Maneaters

Skull of maneating tiger, Horniman Museum NH.74.11.19

Tool use, technology and cooperation have allowed humans to claw their way to the top of the predatory heap. As a species we can and do kill anything and everything. Sometimes we kill for food, sometimes for profit and sometimes for fun. Very occasionally we also kill for self protection.

Humans have been largely off the menu for quite some time - and although people are still killed and eaten by large predators with some regularity (perhaps a hundred or so a year), humans are not the first prey of choice for any species of carnivore – it’s just that some individuals within a species will develop a taste for human. When there are attacks on people it will usually be because there has been a blurring of borders between a human habitat and the habitat of the predator. The most obvious example of this is when humans are occasionally taken by sharks whilst in the sea or by crocodiles in lakes and rivers.

Staying on land, the blurring of borders between predators and people is linked with habitat loss  and the encroachment of human development, agriculture and habitation, with the associated issues of deforestation and re-purposing of land. The development of infrastructure brings humans into wilderness, such as with the Tsavo bridge project in Kenya, where a pair of lions terrorised construction workers for ten months in 1898, eating about 35 and possibly killing around 135.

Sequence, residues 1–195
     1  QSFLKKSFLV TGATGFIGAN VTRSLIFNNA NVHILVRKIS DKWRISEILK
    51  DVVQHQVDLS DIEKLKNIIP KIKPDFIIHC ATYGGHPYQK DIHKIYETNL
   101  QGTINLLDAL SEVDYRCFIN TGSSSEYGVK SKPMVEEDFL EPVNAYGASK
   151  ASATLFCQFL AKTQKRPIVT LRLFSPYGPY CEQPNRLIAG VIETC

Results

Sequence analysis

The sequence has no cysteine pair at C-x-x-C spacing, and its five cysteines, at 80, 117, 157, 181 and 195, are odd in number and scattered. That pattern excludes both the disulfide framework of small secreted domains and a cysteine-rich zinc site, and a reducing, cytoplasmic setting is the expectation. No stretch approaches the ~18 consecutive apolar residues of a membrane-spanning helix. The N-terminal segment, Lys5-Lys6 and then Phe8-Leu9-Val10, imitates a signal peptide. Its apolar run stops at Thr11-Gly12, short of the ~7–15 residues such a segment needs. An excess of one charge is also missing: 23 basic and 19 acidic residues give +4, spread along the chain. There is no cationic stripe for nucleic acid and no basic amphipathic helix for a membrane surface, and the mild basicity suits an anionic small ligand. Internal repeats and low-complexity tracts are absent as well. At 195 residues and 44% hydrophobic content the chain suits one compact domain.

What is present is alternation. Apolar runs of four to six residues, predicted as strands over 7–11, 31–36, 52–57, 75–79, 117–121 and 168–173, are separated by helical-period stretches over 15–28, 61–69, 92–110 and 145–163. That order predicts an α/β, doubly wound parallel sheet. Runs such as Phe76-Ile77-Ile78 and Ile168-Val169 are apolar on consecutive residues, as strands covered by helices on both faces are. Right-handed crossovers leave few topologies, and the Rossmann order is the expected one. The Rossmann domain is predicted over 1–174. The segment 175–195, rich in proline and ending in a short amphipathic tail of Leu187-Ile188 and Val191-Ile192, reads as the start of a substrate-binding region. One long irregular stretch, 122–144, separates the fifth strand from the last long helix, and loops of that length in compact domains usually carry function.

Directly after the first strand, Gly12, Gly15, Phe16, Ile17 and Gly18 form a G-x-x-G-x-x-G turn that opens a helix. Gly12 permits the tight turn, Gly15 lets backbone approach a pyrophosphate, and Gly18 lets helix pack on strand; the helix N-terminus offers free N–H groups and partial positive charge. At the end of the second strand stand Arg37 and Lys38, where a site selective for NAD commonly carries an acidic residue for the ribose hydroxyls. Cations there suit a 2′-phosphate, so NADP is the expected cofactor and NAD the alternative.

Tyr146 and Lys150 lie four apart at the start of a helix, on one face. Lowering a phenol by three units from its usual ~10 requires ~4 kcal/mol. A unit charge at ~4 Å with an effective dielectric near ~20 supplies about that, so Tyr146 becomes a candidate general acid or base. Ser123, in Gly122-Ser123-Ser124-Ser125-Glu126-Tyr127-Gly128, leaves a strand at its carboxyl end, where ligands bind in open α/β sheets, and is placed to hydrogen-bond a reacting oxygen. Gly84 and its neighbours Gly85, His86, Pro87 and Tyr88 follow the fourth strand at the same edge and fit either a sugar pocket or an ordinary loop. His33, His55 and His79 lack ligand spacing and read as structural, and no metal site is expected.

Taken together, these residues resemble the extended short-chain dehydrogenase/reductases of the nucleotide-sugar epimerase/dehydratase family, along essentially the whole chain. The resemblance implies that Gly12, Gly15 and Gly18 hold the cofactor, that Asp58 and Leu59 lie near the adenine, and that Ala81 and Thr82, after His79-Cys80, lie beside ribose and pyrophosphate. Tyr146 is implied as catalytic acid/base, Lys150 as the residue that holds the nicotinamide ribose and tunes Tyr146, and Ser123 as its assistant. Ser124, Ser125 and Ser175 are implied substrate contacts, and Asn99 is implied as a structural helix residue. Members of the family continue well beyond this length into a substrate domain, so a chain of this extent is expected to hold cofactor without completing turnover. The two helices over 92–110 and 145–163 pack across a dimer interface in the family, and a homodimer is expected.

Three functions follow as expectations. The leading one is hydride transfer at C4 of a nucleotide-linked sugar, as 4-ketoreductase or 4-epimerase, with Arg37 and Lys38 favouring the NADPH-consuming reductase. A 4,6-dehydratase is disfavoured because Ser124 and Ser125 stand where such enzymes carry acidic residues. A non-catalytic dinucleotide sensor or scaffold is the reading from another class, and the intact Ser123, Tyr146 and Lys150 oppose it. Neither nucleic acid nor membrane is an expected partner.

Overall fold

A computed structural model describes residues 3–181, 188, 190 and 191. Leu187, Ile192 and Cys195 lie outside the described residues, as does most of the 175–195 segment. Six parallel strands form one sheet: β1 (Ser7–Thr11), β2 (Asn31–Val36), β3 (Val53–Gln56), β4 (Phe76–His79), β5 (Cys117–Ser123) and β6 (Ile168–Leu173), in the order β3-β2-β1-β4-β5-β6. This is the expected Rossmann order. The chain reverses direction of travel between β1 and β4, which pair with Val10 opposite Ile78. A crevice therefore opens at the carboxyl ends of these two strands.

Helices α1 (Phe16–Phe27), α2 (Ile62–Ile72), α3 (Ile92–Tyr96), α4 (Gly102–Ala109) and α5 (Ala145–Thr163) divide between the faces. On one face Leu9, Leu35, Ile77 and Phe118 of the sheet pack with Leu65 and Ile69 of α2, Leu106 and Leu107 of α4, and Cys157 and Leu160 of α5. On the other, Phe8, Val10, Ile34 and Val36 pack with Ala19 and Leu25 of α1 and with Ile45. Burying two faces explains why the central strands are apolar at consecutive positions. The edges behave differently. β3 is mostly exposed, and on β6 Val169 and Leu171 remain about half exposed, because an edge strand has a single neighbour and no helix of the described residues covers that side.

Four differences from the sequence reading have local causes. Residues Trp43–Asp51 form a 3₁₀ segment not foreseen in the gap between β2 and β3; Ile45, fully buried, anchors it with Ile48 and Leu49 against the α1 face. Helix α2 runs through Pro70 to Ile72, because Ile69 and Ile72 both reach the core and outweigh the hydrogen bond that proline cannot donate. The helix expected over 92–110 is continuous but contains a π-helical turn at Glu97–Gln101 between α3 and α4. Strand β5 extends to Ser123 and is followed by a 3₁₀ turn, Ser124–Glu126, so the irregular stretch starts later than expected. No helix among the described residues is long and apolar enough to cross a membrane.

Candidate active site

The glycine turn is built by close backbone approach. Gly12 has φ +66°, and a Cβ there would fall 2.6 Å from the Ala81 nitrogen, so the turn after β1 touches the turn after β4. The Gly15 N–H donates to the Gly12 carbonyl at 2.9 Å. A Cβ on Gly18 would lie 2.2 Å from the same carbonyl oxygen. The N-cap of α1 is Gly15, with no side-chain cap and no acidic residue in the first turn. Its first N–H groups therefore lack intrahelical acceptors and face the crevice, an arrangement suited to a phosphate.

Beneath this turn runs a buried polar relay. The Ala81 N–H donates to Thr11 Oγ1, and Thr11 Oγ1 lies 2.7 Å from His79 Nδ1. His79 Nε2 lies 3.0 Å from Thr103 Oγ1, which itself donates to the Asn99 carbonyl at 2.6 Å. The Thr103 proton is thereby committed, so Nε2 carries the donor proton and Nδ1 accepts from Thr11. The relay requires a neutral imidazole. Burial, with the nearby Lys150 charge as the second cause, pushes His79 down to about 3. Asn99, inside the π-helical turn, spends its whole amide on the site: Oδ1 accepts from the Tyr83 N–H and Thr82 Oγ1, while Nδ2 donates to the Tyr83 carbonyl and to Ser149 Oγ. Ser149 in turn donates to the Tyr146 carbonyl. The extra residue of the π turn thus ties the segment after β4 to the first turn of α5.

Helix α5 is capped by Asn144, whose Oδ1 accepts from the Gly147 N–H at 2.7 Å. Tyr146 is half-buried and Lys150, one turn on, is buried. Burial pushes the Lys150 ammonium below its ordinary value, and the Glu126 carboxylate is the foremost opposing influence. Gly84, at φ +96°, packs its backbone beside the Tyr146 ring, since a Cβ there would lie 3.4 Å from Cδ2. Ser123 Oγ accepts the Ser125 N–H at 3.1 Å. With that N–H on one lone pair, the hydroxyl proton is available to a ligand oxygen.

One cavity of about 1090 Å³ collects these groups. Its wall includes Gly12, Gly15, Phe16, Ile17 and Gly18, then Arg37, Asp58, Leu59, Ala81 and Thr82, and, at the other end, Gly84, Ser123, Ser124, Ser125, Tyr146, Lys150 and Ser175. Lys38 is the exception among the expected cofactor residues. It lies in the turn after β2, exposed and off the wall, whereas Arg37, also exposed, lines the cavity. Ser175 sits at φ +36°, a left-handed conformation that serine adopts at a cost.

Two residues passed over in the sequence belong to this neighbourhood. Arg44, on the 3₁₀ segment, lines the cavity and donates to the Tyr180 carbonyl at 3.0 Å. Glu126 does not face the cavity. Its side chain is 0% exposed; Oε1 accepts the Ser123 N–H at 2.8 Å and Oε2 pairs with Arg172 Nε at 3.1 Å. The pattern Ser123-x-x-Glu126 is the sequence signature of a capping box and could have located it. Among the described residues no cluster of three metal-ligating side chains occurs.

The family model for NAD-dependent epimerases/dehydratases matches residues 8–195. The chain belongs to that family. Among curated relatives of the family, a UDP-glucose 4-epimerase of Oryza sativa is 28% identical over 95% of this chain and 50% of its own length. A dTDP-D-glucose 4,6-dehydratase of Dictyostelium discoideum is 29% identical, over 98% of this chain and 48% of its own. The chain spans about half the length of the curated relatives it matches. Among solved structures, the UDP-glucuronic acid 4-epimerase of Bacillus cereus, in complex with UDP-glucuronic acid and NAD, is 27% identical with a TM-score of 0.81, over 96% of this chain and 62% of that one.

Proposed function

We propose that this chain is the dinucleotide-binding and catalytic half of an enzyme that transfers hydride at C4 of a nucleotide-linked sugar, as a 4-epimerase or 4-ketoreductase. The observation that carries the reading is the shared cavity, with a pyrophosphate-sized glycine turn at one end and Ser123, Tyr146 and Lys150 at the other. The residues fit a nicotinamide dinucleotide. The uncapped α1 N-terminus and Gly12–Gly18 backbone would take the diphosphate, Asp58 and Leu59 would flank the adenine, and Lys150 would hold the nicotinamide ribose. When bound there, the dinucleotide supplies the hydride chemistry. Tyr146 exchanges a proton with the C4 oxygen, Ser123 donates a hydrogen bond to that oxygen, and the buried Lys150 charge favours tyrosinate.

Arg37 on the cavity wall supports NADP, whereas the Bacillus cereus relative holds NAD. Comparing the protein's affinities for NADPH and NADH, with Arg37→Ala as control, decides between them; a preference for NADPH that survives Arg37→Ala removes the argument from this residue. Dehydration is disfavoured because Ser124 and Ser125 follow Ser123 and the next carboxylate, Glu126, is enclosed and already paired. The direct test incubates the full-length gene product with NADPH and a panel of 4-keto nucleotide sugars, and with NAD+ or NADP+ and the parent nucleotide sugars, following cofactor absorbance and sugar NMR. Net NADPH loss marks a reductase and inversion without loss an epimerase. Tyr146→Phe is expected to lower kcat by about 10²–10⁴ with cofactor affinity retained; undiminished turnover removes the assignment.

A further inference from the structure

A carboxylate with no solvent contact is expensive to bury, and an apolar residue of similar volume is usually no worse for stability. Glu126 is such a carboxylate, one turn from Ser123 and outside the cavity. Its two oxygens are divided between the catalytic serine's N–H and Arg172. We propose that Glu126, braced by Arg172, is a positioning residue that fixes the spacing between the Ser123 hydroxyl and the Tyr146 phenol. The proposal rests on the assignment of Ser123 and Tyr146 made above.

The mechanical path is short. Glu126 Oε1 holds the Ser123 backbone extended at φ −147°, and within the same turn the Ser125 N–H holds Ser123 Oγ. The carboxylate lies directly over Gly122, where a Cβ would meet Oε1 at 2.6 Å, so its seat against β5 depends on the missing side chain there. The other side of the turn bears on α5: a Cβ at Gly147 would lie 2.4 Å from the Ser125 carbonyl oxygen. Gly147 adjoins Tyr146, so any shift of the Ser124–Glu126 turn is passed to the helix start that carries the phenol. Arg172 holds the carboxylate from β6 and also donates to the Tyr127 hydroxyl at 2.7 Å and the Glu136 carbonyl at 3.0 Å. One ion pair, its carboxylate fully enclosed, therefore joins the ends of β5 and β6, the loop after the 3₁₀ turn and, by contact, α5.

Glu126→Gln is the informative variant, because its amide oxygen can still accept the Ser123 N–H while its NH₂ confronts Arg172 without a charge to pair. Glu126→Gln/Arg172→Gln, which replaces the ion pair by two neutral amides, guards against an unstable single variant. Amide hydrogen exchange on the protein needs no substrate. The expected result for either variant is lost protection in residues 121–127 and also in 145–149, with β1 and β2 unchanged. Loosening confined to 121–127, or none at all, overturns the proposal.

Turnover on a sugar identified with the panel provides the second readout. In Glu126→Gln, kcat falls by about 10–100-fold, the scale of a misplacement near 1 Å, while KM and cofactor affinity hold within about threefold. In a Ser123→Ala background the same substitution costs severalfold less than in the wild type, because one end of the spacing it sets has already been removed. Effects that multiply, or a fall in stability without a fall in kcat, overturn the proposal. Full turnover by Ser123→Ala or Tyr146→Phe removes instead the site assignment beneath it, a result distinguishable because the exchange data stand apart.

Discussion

As habitat is lost, predators are faced with fewer natural prey and they are thrust into close proximity with domesticated animals – with obvious consequences.  Where you have livestock being killed you also have people trying to protect their livelihood and this is where the conflict really heats up, taking its toll on both the people and the predators. There can be no winners. Continue reading

The unbroken chain of life

Having spent years studying the bones of animals long dead, I have been fortunate enough to see – on a daily basis – evidence of the relationship between humans and other animals. For me, our kinship with the rest of life on Earth is a vivid reality. Evolution is change and that change is the result of an ongoing struggle for life – where those that are best suited for the struggle are rewarded by the continuation of their lineage. This means that we are each an end link in an unbroken chain of life, stretching back over two billion years. For all that time, each one of our ancestors must have been amongst the best of their kind. In the words of Charles Darwin, “There is grandeur in this view of life”. Continue reading